Competitive athletes share one common trait: a desire to be the best and to push themselves as hard as they can to reach their full potential. That’s the mentality Trindl Reeves, a former track and field athlete at the University of California Irvine, has relied on to shape her highly successful 30-plus-year insurance career.
Reeves, who qualified to go the Olympic Trials in the 200m but couldn’t race due to injury, had an unconventional start in the insurance business. While studying for a bachelor’s degree in psychology and juggling track and field commitments, she took a part-time job making cold calls during her lunch break for $5 an hour. That’s when she discovered a talent for sales – one she would later nurture and push to its full potential in the insurance business.
After graduating from college, Reeves took a job with an insurance agency, where she was selected to take part in a producer program sponsored by The St. Paul Companies, which is now part of Travelers. She was the only woman out of the 10 candidates, and she chose to focus her insurance and risk management education around the technology and life sciences sectors.
In the early 1990s, the agency Reeves worked for was acquired by Marsh, where she honed her skills as a producer for more than a decade before being offered a leadership role as managing director, head of the San Diego office and sales leader for the Pacific South region. She stayed in that position for five years before deciding to “get back to what [she] loved” and refocus on sales.
The best of both worlds
In 2006, Reeves joined Barney & Barney, a longstanding San Diego insurance brokerage, where she led the sales operation and helped the firm more than double in size within seven years. In 2010, she was named chief sales officer for the West region; four years later, Barney & Barney was acquired by Marsh McLennan Agency (MMA), a wholly owned subsidiary of Marsh that serves the risk prevention and insurance needs of middle-market companies in North America. In December 2020, Reeves was promoted to chief sales officer for the entire MMA organization.
“Thinking about my career as a sales-person and as a former athlete, I’m a very competitive person, and I’ve always had a very strong work ethic,” she says. “I believe that’s what has made me successful in sales. When I was in my 20s selling to 50-year-old men who had their golfing buddy handling their insurance, I really had to outhustle them. I had to have excellent technical insurance skills in order to convince people to work with me.
“Now that I’m in a leadership role, my focus has shifted. It’s more about strategy, navigating the changes that are happening in the market and setting our producers up for success. A big part of my job now is talent development. It’s not about being a lone producer; it’s about making our team of over 1,600 producers countrywide the best they can be.”
The chief sales officer role is a new position within MMA and is reflective of the firm’s wider strategy of building a nationwide foot-print of producers who are loyal to their local markets and can provide high-touch service to clients while also having access to centralized leadership, support, expertise, resources, and sales training and development. “We’re able to offer Fortune 50 levels of service to our middle-market clients – that’s what differentiates MMA,” Reeves says.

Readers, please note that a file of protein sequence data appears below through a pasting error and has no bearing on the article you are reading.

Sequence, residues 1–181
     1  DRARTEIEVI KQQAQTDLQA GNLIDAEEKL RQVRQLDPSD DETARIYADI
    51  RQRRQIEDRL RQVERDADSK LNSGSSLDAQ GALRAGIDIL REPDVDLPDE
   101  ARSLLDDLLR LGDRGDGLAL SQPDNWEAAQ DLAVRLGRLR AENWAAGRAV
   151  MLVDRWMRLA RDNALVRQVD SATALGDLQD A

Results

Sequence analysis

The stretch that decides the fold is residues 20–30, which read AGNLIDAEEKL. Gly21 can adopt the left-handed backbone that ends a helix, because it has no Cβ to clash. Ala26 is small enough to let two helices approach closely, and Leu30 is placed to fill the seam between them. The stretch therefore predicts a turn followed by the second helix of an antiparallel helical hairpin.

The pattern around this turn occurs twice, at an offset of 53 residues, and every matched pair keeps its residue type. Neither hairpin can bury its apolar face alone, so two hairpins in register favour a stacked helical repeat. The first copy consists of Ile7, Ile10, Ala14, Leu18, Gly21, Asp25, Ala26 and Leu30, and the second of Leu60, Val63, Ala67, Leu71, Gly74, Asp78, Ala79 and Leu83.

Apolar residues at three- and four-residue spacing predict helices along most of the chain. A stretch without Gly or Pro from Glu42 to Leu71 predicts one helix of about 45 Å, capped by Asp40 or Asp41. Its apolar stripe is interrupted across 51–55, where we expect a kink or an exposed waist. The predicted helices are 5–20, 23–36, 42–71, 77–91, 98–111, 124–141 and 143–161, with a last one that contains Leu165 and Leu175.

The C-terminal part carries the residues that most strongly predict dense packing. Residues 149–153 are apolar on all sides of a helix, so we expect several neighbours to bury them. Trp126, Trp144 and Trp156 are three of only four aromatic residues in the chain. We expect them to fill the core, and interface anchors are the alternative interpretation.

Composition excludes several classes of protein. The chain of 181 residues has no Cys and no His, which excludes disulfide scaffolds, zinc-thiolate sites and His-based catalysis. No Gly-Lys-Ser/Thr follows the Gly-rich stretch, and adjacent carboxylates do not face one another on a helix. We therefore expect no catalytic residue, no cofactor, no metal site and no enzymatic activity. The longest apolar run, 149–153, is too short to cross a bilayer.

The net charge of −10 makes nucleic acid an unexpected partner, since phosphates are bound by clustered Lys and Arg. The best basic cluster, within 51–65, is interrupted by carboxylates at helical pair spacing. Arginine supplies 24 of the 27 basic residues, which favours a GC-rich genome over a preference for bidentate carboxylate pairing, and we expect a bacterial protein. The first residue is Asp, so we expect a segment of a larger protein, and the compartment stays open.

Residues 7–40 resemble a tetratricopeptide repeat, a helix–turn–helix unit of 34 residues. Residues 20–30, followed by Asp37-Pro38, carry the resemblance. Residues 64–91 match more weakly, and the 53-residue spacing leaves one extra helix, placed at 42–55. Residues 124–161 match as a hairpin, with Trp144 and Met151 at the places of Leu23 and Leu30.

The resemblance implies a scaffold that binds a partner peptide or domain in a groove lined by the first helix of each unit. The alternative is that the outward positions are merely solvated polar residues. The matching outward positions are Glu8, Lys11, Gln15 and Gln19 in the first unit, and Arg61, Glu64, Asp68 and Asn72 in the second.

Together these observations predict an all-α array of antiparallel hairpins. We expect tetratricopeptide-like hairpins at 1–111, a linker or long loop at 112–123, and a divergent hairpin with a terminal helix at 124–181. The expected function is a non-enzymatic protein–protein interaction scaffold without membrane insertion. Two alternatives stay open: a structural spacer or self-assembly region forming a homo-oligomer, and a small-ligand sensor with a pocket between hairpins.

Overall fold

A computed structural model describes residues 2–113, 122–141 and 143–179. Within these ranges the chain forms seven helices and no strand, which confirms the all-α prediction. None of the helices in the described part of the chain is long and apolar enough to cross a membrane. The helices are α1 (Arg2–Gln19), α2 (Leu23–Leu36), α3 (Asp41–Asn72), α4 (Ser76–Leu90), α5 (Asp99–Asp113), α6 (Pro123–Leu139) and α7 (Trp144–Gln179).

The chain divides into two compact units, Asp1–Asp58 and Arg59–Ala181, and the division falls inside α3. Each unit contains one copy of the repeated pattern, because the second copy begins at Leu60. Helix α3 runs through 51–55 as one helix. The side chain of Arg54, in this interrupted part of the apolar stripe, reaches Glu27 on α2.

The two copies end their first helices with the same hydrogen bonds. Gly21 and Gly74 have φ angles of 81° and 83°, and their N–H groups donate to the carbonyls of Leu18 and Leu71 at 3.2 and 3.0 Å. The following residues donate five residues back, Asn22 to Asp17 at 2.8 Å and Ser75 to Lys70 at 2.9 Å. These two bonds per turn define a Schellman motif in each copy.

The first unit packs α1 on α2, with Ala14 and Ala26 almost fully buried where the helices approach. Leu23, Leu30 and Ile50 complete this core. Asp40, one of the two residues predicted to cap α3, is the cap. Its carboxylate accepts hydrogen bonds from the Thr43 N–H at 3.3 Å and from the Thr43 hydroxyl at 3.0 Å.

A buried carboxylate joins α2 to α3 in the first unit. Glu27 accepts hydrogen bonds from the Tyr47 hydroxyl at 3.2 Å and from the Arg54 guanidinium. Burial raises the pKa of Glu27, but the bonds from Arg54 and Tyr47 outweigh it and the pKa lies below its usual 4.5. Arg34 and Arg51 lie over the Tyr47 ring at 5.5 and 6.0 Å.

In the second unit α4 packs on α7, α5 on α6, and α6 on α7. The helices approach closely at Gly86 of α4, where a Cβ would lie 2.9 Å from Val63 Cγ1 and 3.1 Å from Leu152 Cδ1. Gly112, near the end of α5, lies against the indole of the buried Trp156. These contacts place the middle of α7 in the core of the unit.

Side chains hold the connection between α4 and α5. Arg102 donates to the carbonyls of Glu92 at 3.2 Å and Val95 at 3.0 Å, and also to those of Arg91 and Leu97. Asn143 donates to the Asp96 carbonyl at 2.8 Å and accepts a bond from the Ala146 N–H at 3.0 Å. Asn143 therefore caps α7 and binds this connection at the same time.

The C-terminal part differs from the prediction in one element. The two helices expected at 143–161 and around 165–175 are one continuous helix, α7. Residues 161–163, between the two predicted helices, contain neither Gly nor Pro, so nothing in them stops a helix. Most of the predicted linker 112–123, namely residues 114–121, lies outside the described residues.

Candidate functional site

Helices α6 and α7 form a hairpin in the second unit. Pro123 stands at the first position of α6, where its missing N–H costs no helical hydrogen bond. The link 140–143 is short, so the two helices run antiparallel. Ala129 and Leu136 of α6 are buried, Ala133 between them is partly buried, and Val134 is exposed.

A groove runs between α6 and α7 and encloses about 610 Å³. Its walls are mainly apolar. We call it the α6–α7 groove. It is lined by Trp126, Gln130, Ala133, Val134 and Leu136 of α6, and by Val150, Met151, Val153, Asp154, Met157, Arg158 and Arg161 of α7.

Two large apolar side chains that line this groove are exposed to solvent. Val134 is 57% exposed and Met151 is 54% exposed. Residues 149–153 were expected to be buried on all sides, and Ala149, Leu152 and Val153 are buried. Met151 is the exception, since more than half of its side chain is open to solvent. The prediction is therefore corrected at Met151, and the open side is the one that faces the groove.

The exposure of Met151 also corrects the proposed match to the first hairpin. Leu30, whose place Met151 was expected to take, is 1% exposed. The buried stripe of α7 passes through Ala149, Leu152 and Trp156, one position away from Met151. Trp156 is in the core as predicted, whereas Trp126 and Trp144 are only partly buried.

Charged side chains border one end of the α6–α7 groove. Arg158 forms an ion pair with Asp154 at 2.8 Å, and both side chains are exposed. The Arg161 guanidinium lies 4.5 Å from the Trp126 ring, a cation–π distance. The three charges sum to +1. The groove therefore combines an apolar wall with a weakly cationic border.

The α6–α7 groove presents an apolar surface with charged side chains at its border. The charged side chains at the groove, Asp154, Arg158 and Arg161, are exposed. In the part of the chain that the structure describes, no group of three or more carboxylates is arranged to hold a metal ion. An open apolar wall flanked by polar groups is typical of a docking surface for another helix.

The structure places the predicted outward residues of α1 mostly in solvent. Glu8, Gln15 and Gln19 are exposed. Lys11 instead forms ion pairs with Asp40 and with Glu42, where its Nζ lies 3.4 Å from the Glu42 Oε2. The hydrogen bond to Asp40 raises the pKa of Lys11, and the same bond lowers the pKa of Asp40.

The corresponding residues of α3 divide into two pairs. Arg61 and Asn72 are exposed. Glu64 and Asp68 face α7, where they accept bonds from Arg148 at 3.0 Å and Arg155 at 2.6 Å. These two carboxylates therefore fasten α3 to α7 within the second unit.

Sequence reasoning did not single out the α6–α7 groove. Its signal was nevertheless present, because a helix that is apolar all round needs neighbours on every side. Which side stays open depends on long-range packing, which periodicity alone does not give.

“We’re a very responsive organization, and we provide a wide range of value-added resources and services to clients in addition to taking care of their insurance and benefits needs. We have a saying internally around providing ‘the best of both worlds,’ which means that we want to be the local broker and take care of people in our local communities in the way they want to be taken care of, but we also have access to the resources, technology, data and analytics of the world’s largest broker. We have the best of both worlds, and we’re able to deliver that to our clients.”
Doubling down on DE&I
In her new role, Reeves has big plans for MMA, including doubling the firm’s revenue within eight years, a target she hopes to achieve primarily through organic growth. Those ambitious growth plans will require a keen eye on talent development and recruitment, as well as diversity, equity and inclusion (DE&I) initiatives, which Reeves has advocated for throughout her career.
As a mom of two and a woman in the male-dominated realm of insurance sales, Reeves has made a concerted effort to hire and promote more women in producer roles. She believes that with the right mindset and the right support, “it is possible – if there is such a thing – to achieve a good work-life balance in the insurance industry.”
More than a decade ago, Reeves was instrumental in the creation of MMA’s GROW (Growth, Relationships and Opportunities for Women) program, which focuses on attracting, retaining, educating and supporting women within the firm. Since its founding, GROW has expanded significantly – both in terms of membership and in the scope of personal and professional programs offered – and is now a key differentiator in why women choose to work for MMA.
In recent years, MMA has also made great strides in DE&I, launching several colleague resource groups to facilitate critical mentorship and allyship programs.
“It has been proven that organizations that are more diverse tend to perform better,” Reeves says. “We want to mirror what the communities and clients that we serve look like, and they’ve been excited to hear about the DE&I programs that we’ve launched. It’s also vital for talent development and recruitment. People want DE&I, and they want to ensure that it’s not just lip service and that companies are actually living it.”